Magnesium


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Posted by Ted (152.163.201.61) on December 28, 2000 at 11:09:33:

In Reply to: Relief - finally! posted by Deborah on December 28, 2000 at 08:54:49:

This is only part of this article from the address (if you want to read the full thing):

http://www.medscape.com/SMA/SMJ/1999/v92.n11/smj9211.01.swai/smj9211.01.swai-01.html

From
Southern Medical Journal
Magnesium for the Next Millennium
Randall Swain, MD, Barbara Kaplan-Machlis, PharmD, New Millennium Wellness and Sports Medicine, and the Departments of Family Medicine and Clinical Pharmacy, West Virginia University, Charleston.


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Abstract
Background. Magnesium is a trace mineral in several hundred chemical reactions in the body. It has therapeutic potential in many medical conditions. In this review, we attempted to clarify the current information on the role of magnesium as a therapeutic agent.
Methods. A MEDLINE search from 1966 through March 1999 was conducted, using PubMed and "Magnesium" and "Therapeutic Usage" as the two initial key headings. Important articles were also identified from the bibliographies of the initial articles.
Results. A total of 51 articles were included in this review. Articles were excluded if they were based on animal study or were in a language other than English.
Conclusion. Magnesium has long been used as an ingredient in laxatives and antacids. It seems clear that intravenous magnesium also is effective for the suppression of ventricular ectopy in the hospital setting and is a first-line agent for torsades de pointes. It is less clear whether it is useful in patients with congestive heart failure or acute myocardial infarction (MI). Although effective for treatment of preeclampsia/eclampsia, its use in the termination of preterm labor has recently been questioned. In asthma and chronic lung disease, intravenous magnesium may be useful when conventional treatment has failed. Finally, magnesium may have a role in the prevention and treatment of vascular headaches. [South Med J South Med J 92(11), 1999. 1999 Southern Medical Association]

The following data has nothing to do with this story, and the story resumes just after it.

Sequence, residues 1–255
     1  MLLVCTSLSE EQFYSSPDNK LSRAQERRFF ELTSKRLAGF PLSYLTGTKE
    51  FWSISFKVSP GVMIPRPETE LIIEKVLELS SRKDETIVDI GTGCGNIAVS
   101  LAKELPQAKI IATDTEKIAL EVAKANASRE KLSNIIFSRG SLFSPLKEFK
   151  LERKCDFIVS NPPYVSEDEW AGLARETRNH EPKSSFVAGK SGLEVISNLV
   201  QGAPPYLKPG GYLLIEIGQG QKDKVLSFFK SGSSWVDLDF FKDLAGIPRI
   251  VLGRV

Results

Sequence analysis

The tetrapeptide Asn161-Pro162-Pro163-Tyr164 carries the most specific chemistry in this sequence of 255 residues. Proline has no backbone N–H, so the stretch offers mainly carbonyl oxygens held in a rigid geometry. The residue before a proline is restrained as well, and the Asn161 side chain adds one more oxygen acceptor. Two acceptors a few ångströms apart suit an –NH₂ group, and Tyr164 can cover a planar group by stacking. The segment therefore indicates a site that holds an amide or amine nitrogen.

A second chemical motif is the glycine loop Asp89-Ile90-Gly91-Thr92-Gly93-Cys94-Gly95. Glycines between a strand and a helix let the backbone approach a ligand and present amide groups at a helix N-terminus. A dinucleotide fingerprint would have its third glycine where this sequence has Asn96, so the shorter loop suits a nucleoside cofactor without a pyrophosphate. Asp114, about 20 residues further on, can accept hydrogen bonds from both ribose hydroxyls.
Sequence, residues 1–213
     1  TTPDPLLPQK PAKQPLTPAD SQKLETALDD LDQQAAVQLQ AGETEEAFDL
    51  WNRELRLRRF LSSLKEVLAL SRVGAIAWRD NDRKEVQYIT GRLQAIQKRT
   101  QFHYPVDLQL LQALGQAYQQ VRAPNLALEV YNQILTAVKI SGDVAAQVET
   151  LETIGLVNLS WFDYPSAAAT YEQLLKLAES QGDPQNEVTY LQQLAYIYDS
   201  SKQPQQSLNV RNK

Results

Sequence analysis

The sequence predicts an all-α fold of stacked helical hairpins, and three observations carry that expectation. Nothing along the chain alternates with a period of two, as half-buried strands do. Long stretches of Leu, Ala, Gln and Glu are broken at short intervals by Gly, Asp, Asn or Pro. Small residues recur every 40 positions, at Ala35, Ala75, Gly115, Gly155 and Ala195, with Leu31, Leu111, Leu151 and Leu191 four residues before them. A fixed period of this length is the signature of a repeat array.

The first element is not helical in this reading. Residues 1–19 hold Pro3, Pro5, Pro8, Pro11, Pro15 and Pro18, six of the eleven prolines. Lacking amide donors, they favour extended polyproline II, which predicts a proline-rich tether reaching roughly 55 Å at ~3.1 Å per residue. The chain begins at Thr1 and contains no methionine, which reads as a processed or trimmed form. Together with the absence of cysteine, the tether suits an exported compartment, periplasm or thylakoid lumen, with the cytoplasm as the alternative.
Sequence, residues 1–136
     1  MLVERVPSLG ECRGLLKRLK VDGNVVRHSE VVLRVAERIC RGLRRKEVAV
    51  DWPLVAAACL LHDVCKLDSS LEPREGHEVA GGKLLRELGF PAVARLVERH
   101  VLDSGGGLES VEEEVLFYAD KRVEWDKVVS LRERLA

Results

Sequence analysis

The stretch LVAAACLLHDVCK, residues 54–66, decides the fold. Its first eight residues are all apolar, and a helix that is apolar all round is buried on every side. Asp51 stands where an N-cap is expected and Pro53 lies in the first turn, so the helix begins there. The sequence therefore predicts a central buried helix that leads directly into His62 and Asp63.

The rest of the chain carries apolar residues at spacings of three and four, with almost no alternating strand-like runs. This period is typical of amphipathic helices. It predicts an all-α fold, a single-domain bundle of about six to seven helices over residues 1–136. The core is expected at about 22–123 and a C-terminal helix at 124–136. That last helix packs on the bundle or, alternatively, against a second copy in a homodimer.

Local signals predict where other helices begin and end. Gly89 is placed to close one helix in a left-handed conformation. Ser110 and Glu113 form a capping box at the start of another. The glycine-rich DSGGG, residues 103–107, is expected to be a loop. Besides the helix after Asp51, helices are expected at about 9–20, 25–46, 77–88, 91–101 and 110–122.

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Introduction
Magnesium is a trace mineral involved in more than 300 chemical reactions in the body. Similar to potassium, magnesium is predominantly an intracellular ion. More than two thirds of the total amount of magnesium is stored in bone, and about 25% is present in muscle. About one third of the total amount ingested in the gut can be absorbed, and the remaining two thirds is excreted in the feces. Magnesium absorption is proportional to the total magnesium status, ie, the higher the body stores, the lower the amount absorbed. Magnesium is similar to calcium in that it is dependent on vitamin D for absorption in the small intestine. Magnesium also acts competitively for calcium channels; therefore, it simulates a calcium channel blocker's mechanism of action. Magnesium is required for proper functioning of the Na+-K+ ATPase pump; thus, when potassium levels do not increase with supplementation, magnesium deficiency should be suspected.

(SNIPPED)

Magnesium for the Next Millenium continued...
[South Med J South Med J 92(11), 1999. 1999 Southern Medical Association]


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Headaches